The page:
Today I'm delighted to welcome Jo Thomas, author of 'The Oyster Catcher'.
According to a champion shell shucker,
in order to open an oyster, you first have to understand what’s keeping it closed.
When runaway bride Fiona Clutterbuck crashes the honeymoon camper van, she doesn’t know what to do or where to go.
and humiliated Fiona knows one thing for sure, she can’t go home. Being thrown a life line, a job on an oyster farm seems to be the answer to her prayers. But nothing could prepare her for the choppy ride ahead or her new boss the wild and
unpredictable Sean Thornton.
Will Fiona ever be able to come out of her shell?
As the oyster season approaches, will there be love amongst the oyster beds of Galway bay? Or will the circling sharks finally close in?
Here's a little taster for you
The sea air hits me like mouthwash for the head. It’s clean, fresh, and smells of salt. I’m standing on the steps of the Garda station; or Portakabin really.
The wind blows my hair and I hold my face up to it, letting any tears that may have escaped mingle with the damp air. With my eyes shut and my face held up to the wind I realise two things. One, I’m in a place called Dooleybridge and two; I am absolutely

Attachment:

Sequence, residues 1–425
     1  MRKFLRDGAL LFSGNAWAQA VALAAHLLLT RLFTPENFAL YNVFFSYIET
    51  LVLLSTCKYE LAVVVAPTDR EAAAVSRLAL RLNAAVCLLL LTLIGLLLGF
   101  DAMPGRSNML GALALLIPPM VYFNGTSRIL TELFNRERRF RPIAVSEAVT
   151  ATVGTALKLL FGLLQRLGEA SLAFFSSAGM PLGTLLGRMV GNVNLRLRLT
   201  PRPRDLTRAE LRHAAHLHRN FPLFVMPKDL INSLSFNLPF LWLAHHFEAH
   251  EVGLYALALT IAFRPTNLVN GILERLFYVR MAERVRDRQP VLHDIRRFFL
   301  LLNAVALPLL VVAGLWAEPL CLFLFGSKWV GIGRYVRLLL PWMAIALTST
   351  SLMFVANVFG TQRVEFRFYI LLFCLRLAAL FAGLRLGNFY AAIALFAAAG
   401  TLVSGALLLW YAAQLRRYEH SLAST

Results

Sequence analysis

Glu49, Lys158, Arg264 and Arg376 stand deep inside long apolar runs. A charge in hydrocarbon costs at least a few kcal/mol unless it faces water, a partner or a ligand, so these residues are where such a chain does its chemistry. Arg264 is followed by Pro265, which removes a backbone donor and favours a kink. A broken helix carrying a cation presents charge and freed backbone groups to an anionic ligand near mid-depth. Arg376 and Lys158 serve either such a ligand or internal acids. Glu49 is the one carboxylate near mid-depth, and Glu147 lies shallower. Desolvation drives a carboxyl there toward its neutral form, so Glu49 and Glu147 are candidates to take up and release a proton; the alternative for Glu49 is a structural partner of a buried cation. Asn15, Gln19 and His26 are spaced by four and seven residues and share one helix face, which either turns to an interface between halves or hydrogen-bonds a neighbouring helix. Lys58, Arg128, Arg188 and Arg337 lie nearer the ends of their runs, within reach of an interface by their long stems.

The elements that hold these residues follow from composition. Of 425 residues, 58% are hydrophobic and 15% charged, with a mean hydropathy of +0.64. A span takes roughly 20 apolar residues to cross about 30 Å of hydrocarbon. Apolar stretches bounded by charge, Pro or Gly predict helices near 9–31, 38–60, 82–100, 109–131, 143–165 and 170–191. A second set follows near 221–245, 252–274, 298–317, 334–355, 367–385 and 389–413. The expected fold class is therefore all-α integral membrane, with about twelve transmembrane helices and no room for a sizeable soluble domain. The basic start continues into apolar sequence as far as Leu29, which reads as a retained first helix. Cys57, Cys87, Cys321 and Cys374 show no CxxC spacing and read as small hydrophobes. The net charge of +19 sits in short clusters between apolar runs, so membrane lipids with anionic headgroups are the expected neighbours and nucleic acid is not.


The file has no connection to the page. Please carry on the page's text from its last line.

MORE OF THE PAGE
stranded wearing the only dress I have – the one I’d got married in.
I open my eyes, shiver and walk back towards the harbour wall where the camper van had been. There are some scuff marks on the wall and a headlight that had
fallen off, but other than that there’s no real trace that it was ever there at all. I bend down and pick up the light. Oh, that’s the other thing I realised while being cautioned. There’s absolutely no way I can go home, no way at all.
I turn round and walk back towards the road; when I say walk, it’s more a hobble. My shoes are killing me and are splashing water up the back of my feet and calves. But then it isn’t really gold mule weather. It’s cold and
wet and I couldn’t feel any more miserable than I already do. I head back up the hill and cross the road just below the Garda station and step down into a tiled doorway. I take a deep breath that hurts my chest and makes me cough. I have no other choice.
I put my head down. I touch the cold brass panel on the door and with all the determination I can muster, push it open.
The door crashes against the wall as I fall in, making me and everyone else jump. As I land I realise it’s not